The Bible has very clear commands that we are to worship God, and only God, not Paul.
“Thou shalt have no other gods before me.” – Exodus 20:3
“‘For thou shalt worship no other God: for the LORD, whose name is Jealous, is a jealous God” – Exodus 34:14
One of the evidences that Jesus claimed he was the God of the OT is when we see him accepting the worship that the Law reserved only for God. [This indicates that either Christ was an idolater filled with pride, or He was the True God; by faith, we choose the latter.]
“And when they were come into the house, they saw the young child with Mary his mother, and fell down, and worshiped him:” – Matthew 2:11
“And, behold, there came a leper and worshiped him, saying, Lord, if thou wilt, thou canst make me clean.” – Matthew 8:2
“And he said, Lord, I believe. And he worshiped him.” – John 9:38
Meanwhile, God speaks to mankind at sundry times through different men as His instruments (2 Peter 1:19-20, Heb 1:1, 1 Cor 12:5).
For example, when the Israelites were enslaved to the Egyptians, the Lord heard their cry and brought up Moses to lead them out of captivity. Moses was God’s messenger, he was God’s servant. As God spoke to Moses, he delivered the commandments of the Lord and the Israelites were attentive to his every word as it was from God.
For thousands of years following, God’s prophets and messengers encouraged Israel to do all those things written in the ‘law of Moses’ (Joshua 23:6, 1 Kings 2:3, Mal 4:4). Even Jesus himself wrote that he came to fulfill all that was ‘written in the law of Moses’ (Luke 24:44). Yet it was clear that no one worshipped Moses, for it was not Moses who created those laws, but merely Moses who delivered them. Moses was God’s servant revealing the word of the Lord.
It was by Moses that God ushered in the divine dispensation of the Law, whereby God would hold men accountable.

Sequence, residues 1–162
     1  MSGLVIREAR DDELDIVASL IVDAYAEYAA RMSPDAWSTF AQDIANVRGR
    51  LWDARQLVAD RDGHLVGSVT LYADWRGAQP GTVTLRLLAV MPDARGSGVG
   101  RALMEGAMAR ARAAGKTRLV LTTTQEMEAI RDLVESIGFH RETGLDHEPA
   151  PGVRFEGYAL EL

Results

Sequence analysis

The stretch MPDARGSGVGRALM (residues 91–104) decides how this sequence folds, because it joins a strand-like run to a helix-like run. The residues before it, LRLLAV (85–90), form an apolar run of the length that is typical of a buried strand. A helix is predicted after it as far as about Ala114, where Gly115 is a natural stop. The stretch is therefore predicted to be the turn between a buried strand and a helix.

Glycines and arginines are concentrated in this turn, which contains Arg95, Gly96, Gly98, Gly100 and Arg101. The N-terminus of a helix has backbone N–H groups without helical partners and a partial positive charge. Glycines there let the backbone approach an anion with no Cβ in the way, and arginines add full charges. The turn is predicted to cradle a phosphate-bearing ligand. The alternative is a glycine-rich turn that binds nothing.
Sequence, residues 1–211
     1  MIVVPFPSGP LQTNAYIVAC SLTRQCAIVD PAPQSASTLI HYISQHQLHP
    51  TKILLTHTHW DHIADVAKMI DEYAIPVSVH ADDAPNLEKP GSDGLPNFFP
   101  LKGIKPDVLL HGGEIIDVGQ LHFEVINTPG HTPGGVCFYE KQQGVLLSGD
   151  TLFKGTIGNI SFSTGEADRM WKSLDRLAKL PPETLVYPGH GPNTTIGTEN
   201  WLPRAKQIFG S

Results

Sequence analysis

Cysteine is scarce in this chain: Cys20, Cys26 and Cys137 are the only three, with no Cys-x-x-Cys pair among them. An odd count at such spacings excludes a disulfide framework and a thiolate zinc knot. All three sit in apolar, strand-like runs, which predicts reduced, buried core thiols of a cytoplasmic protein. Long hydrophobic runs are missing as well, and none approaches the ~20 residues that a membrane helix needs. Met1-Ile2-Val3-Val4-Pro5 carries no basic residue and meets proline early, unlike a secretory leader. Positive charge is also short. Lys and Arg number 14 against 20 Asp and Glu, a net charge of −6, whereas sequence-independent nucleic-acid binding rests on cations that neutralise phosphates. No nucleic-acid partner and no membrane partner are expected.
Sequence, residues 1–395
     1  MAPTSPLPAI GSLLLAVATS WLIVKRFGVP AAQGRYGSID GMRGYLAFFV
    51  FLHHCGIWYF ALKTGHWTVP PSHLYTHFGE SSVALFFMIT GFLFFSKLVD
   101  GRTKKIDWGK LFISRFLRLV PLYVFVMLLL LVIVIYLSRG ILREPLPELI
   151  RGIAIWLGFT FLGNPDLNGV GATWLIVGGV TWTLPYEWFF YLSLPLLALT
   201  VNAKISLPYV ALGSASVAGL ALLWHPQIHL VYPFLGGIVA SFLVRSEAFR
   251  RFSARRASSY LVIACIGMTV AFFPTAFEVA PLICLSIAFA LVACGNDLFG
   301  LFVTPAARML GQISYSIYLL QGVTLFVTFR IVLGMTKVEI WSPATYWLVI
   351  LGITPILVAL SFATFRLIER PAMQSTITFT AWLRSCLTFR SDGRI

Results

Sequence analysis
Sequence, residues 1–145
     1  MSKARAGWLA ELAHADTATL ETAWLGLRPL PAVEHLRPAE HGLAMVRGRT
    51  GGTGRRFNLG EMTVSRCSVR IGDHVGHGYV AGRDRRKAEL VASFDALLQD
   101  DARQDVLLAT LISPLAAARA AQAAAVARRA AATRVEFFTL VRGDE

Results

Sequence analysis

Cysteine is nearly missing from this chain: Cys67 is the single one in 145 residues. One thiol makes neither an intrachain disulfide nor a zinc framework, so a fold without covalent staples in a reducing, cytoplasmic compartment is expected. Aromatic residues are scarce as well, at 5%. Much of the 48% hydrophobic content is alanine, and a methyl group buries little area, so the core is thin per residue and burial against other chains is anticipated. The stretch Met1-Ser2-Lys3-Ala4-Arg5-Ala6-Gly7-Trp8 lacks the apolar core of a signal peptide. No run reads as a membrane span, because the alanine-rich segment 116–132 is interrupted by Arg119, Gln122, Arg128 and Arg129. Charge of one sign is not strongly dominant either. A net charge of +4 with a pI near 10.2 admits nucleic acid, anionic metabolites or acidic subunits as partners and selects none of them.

Likewise, it was by Paul that God ushered in the divine dispensation of Grace, whereby men would be delivered from judgment and wrath apart from the law.
Paul As God’s Spokesman
Paul says, “For if I do this thing willingly, I have a reward: but if against my will, a dispensation of the gospel is committed unto me” (1 Cor 9:17).
The message Paul called “my gospel” was “kept secret since the world began” and so was not included in the law of Moses or the prophets (Rom 16:25).
Since the message given to Paul was by revelation of Jesus Christ, Paul had all authority to preach the mystery message, not known before (Gal 1:11-12; 1 Cor 14:37; Eph 3:1-2).
Paul, Our Apostle
Paul is our chief apostle in this dispensation. Paul’s writings hold the previously hidden information now to be revealed to us about God’s separate plan and purpose for the Body of Christ. Just as Moses who, in time past, was to be the dispenser of the law of God to Israel and to teach them of God’s plan on the earth.
Understanding that Paul had a distinct message about the cross of Christ helps us to understand why Paul says:
“For I speak to you Gentiles, inasmuch as I am the apostle of the Gentiles, I magnify mine office:” – Rom 11:13
He indicates that he was the first to be saved in this dispensation as a “pattern to them which should hereafter believe on him to life everlasting” (1 Tim 1:16).
Knowing that Moses was not to be worshiped, but was only the dispenser of God’s law, prophets would encourage men to follow the “law of Moses”. Likewise, those of us who are under grace and not under the law should be exhorted to hear the word of Paul as it is in truth the word of God (Rom 6:14, 1 Thess 2:13).
“For this cause also thank we God without ceasing, because, when ye received the word of God which ye heard of us, ye received it not as the word of men, but as it is in truth, the word of God, which effectually worketh also in you that believe.” – 1 Thess 2:13
So we do not worship Paul, but Christ made Paul our pattern of salvation, our chief apostle, and gave him the hidden wisdom of God, about our purpose in Christ. In testimony of the God who gave him the hidden wisdom that he taught, Paul exhorts the Corinthians to ‘be ye followers of me even as I also am of Christ’ (1 Cor 11:1, 1 Cor 2:7-8).
We look to Paul as our pattern and apostle, but to Christ as our Savior, Head, and Lord, who alone is worthy of all worship and praise.